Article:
While Washington's long-term goals for Xinjiang were little altered by the new "war on terrorism", it became difficult to reconcile support for Uighur freedoms and the desire to eliminate any group that aligned itself with al-Qaeda. Although many in Washington were skeptical that any Uighur groups would attack outside of the Xinjiang region, they also hoped to exploit any ties that might exist between these groups and al-Qaeda. This put Washington in the uncomfortable position of cooperating with China on Xinjiang affairs or ignoring possible opportunities to weaken the operational capabilities of Osama bin Laden's organization.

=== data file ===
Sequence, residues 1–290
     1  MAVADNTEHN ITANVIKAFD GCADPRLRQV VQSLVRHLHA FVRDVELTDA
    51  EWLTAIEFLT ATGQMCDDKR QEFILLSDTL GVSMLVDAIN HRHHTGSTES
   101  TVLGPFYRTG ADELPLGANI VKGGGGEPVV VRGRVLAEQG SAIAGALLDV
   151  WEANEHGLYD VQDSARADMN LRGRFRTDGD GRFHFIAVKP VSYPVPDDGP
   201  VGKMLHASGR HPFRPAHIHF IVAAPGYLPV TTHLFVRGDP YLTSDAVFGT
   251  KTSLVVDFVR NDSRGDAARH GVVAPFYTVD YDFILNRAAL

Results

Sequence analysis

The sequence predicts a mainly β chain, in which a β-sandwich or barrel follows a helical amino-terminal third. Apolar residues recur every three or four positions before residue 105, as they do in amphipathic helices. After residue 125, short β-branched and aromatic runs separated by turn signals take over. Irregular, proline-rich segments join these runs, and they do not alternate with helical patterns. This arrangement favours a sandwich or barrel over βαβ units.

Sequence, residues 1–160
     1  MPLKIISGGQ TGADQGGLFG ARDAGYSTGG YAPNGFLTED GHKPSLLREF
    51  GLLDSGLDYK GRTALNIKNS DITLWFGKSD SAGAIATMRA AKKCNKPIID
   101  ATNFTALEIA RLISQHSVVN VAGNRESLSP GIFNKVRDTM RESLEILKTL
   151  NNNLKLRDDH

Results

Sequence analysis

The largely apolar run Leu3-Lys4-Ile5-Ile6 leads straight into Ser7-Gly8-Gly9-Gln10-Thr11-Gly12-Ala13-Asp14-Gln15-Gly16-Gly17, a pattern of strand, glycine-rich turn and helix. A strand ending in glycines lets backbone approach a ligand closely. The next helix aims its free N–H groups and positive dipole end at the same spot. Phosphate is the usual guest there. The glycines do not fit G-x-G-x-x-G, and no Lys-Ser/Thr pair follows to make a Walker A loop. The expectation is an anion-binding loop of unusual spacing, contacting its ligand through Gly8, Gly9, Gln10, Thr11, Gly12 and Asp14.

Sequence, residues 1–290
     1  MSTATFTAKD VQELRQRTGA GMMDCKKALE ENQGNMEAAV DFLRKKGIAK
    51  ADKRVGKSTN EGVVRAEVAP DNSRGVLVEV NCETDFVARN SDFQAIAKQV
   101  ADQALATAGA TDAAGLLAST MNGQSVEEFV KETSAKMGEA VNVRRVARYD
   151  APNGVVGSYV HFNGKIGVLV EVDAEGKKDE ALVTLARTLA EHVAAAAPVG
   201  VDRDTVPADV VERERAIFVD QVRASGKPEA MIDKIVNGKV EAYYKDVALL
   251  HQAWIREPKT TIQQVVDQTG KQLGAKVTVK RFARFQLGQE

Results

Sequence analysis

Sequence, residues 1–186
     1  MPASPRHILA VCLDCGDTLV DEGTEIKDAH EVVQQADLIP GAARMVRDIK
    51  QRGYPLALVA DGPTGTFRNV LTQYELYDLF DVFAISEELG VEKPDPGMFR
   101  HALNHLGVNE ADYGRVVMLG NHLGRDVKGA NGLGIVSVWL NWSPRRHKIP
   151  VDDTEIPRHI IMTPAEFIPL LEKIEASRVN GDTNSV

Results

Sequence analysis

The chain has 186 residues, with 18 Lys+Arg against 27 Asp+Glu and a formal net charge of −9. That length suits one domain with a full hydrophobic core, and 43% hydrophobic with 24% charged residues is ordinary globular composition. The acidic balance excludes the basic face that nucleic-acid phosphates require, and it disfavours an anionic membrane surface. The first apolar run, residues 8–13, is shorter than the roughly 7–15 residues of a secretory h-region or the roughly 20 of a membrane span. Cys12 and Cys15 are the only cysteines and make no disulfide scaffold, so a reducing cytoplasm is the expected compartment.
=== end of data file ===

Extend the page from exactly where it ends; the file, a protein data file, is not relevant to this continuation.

The administration of President George W Bush pursued a path that mitigated these concerns. The State Department and the Central Intelligence Agency (CIA) quickly began differentiating between violent groups that had ties to international terrorist organizations and nonviolent groups that were campaigning for greater autonomy and religious freedom within the Xinjiang region. Some of the groups that were singled out as violent were the United Revolutionary Front of Eastern Turkestan, which has ties to groups in Kazakhstan and took up arms against China in 1997; the Wolves of Lop Nor, which has claimed responsibility for several train bombings and assassinations in Xinjiang; and the Xinjiang Liberation Organization and Uighur Liberation Organization, which have been active in Uzbekistan and Kyrgyzstan and are tied to the assassinations of Uighurs thought to be cooperating with the Chinese government.